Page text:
Something inside of me is broken… and there is no fix. I can learn. I can adapt. I can make up for it. But it will always be broken.
I am missing a crucial chip deep within the mechanisms of my brain, quintessential to the human existence. …I don’t possess it. I can look normal. I can speak normal. I can seem to respond normal. But at the end of the day, without this chip, I am not normal. And it can wreak its havoc as a result. Continue reading
I started the post An Imperfect Science yesterday about a young girl I work with who has Asperger’s. My intent of posting was to share how challenging it is to do the right thing, respond the right way, and have all the right answers—no matter who you are and no matter how much perspective you have. It is hard.
But along the way in writing, I came across a crucial piece that I thought should entirely merit its own post. Throwing a lifeline. Continue reading
My world is right. The wheels spin, the rhythm continues, the world around me propels forward. Life progresses and I with it. No longer a helpless passenger struggling in vain against the tightly buckled strap as the vehicle of life hurdles ever forward, I release myself to the current. The steering wheel somehow becomes mine and I now drive myself onward. I yield, I navigate through tight spaces, I weave in and out. I become a player, a participator, in this choreographed dance. So seamless, so natural, it’s unknown to me that the transition has even taken place. I just know somehow it has. But not in whole. All but this faint, dark corner pushed to the back of my mind, hanging cautiously above me, has bought into this momentum, this way of life. But if I just ignore it… if I continue in this quickly flowing stream, life is fine.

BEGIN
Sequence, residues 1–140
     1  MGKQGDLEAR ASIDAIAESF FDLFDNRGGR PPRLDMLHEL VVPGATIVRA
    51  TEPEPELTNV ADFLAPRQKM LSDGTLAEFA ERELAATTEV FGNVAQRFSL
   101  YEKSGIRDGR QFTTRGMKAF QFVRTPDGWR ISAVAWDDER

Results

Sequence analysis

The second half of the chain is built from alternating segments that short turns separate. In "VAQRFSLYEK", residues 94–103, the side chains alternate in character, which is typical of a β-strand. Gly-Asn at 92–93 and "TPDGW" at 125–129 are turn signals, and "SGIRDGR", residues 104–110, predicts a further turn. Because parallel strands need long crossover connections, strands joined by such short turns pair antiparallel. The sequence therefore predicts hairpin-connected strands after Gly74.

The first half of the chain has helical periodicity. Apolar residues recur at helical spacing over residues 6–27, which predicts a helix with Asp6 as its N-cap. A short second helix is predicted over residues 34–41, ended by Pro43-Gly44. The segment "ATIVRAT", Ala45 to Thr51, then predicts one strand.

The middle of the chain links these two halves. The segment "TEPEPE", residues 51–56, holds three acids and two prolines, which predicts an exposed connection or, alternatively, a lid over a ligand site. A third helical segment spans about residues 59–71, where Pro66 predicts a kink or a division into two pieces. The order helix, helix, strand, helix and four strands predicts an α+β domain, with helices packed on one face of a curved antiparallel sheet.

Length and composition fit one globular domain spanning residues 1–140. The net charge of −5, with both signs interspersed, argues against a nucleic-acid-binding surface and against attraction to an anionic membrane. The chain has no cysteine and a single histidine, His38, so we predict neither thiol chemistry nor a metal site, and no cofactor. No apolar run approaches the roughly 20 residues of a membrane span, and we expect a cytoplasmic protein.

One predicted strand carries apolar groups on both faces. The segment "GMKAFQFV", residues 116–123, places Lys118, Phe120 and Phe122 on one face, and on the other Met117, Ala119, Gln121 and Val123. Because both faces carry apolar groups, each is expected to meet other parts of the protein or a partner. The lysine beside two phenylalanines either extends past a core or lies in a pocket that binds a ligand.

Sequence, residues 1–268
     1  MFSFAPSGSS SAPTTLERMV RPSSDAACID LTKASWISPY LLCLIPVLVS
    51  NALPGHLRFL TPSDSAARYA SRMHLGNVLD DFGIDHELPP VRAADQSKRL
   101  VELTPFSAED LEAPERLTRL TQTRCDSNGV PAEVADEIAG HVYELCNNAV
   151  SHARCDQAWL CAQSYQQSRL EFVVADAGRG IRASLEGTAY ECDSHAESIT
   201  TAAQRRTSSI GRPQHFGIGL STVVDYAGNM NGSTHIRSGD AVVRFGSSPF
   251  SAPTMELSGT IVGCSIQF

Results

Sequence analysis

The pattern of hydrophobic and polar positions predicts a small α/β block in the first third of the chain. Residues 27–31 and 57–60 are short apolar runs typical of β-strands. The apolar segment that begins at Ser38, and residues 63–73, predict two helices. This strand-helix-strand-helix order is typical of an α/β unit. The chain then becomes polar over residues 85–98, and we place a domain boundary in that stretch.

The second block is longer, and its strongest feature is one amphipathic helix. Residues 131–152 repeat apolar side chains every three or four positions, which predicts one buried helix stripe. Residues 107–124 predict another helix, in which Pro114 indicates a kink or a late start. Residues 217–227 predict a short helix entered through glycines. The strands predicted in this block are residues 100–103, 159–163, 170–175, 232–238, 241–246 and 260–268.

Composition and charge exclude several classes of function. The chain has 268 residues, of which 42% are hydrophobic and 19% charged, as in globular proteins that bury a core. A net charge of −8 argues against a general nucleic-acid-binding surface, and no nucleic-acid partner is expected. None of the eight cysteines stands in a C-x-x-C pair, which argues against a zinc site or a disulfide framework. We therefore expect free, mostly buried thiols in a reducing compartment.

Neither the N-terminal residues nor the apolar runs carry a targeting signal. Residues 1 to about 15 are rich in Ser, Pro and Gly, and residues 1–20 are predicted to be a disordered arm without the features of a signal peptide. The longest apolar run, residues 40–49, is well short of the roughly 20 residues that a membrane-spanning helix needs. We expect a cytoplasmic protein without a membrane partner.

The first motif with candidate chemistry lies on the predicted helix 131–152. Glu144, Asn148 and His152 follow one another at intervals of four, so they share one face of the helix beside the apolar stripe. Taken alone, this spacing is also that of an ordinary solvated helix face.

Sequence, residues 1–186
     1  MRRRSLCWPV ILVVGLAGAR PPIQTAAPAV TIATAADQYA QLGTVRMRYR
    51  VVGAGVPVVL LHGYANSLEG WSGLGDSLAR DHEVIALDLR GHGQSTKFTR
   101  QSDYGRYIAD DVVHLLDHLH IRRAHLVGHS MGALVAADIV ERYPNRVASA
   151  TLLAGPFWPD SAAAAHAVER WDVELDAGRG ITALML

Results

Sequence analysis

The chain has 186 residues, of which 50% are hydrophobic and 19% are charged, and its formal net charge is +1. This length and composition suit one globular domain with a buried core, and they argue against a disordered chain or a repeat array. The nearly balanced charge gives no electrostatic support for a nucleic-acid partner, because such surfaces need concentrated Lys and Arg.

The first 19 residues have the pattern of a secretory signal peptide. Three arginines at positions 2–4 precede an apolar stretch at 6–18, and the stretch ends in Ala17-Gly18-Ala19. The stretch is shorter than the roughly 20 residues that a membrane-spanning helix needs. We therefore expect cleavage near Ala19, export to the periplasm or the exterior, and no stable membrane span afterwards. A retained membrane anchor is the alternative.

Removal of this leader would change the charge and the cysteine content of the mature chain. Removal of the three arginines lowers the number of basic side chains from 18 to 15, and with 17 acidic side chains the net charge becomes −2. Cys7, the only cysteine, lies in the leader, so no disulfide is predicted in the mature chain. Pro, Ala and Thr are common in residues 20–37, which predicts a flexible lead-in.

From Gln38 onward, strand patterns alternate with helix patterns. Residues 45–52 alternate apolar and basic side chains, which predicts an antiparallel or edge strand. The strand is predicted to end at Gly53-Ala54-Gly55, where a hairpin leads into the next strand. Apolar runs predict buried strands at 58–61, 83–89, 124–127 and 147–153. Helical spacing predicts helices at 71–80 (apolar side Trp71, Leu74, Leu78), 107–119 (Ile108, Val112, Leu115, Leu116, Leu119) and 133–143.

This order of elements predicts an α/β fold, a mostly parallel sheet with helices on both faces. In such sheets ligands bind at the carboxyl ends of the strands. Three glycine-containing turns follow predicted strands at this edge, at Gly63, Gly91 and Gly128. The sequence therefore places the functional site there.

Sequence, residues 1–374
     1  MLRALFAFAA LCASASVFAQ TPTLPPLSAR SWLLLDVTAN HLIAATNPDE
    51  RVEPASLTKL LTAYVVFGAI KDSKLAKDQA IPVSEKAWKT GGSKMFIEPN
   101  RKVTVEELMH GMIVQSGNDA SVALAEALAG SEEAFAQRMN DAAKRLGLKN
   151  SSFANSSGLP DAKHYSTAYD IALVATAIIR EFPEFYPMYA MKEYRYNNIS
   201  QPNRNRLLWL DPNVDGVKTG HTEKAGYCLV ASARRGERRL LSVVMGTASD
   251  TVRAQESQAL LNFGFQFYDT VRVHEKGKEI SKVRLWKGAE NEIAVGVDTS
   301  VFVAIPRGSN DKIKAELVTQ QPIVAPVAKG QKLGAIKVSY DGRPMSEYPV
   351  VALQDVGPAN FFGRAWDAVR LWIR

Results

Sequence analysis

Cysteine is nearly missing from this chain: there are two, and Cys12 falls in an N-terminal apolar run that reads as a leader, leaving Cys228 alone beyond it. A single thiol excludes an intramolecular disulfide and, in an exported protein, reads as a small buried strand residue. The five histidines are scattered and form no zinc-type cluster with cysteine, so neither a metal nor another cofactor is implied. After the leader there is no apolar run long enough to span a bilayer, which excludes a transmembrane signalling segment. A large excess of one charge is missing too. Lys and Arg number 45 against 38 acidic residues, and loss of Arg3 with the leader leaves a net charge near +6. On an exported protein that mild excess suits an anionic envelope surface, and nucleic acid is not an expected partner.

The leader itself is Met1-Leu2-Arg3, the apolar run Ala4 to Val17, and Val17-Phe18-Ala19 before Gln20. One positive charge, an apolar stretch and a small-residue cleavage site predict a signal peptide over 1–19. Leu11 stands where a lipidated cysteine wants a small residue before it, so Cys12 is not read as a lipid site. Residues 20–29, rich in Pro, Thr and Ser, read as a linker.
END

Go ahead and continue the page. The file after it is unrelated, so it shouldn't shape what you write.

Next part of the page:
Life doesn’t hurt. Stimuli doesn’t hurt. Memories are far from my mind. I am able to be in the now. I am able to participate in the now. This present world of life may not be my happiest or favorite, but it is bearable. And bearable is a tremendous gift. All but for the slight walking on glass from that dark corner, life is fine.
But then, everything comes to a sudden halt. Continue reading
Shakespeare was right to create new words for the English language. Lacking adequate description, our words are hopelessly vague. One of our laziest representations is the word “can’t.” In the French language, there are two words to our one. Pouvoir is the direct translation you would receive from a dictionary for our word “can.” Conjugated, I can becomes je peux. I can’t becomes je ne peux pas.
However, live in France and you would find that this verb is rarely used. The direct translation of “I can’t” is reserved for things that are physically impossible, instances that truly cannot be. It is not watered down or weak, it is for direct situations where there is a physical impossibility. Continue reading